Concierge services are staples in the hotel industry but fairly new in the LTC industry. Why did you launch this service? As a brand, we consider ourselves top shelf. We want to lead in everything we offer. We want to provide a ubiquitous and consistent customer experience, and the concierge service is part of that. It fits with who we are and it’s a way to differentiate ourselves. Concierge services are growing, not just within LTC facilities. I recently read an article that talks about the increase in companies
specializing in offering these services, such as private home services to help people in their daily lives. In addition, increasingly the public expects and appreciates attention to the customer experience – whether in restaurants, online ordering, or nursing homes. Consumer expectations about technology are also changing. Baby Boomers are generally comfortable with technology. It’s part of their lives. As that group starts to age and has more need for medical services such as rehab, they come to places like ours expecting access to technology like iPads and applications like Skype. So we offer these services. As the world changes around us, we want to be in lockstep with people’s expectations because superior customer service is paramount to our brand.
How does the concierge service work? What do you offer your guests? The service is spearheaded by an individual, a concierge, at each facility but it’s really a team effort. The concierge is the point person who navigates the internal process for the guest and pulls in others where they are needed. The goal is to make sure every guest is comfortable right from the moment they come through our doors. They should never feel like they’re alone or lost.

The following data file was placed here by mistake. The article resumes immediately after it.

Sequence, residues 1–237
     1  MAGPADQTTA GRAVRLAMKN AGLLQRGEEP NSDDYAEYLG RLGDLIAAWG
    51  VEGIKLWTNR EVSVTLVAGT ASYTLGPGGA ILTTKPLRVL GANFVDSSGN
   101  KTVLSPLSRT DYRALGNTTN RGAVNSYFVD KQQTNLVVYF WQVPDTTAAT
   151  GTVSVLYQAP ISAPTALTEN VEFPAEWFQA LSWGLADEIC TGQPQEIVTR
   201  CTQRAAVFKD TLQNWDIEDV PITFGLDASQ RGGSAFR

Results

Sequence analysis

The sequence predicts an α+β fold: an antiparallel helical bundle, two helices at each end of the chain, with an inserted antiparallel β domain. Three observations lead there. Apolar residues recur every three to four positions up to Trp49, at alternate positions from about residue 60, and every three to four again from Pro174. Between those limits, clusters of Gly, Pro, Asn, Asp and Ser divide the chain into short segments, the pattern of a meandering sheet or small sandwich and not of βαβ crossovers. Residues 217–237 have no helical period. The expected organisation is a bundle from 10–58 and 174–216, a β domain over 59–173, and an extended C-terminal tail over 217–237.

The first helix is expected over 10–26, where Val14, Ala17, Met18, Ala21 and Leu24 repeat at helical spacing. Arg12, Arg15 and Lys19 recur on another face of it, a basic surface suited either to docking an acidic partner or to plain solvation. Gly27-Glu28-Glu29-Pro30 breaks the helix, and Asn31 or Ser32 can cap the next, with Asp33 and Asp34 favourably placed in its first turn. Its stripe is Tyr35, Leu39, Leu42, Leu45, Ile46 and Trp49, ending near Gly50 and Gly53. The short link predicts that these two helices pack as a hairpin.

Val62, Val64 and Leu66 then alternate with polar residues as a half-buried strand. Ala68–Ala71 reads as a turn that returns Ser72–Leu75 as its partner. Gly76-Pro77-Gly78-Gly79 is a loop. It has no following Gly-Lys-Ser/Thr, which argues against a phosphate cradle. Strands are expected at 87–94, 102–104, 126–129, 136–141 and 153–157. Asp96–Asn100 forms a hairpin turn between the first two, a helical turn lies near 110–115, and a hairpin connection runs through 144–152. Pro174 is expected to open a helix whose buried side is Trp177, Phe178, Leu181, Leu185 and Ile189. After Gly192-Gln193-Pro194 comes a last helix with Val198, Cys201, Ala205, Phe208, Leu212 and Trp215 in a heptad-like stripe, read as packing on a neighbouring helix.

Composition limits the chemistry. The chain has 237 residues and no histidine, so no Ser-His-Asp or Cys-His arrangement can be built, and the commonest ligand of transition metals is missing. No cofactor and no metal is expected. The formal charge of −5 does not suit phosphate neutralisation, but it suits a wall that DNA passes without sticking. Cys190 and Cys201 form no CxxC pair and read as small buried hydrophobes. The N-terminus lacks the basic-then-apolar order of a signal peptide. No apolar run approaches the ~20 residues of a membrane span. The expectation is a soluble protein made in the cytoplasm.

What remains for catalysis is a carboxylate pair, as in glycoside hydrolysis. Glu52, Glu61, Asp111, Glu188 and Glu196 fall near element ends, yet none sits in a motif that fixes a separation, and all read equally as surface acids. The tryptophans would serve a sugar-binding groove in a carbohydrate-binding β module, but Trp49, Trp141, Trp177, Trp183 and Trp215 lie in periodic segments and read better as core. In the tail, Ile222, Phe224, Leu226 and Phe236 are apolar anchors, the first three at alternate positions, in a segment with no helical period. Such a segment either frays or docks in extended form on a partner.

They should always feel like they have a pair of hands ready to help them. When the guest arrives, the concierge makes sure everything on the checklist gets done. Did the guest receive a gift bag? Were all introductions to staff made? Are all the necessary items in the guest’s room? Do they have their schedule and a calendar of events? Do they understand how to operate the TV and the iPad? Do they have any special culinary preferences? Are their meetings we need to set up for them? Later in the day, the concierge comes back to see if the guest has any questions, and to make sure that any scheduled visits by doctors or staff happened and in a timely manner.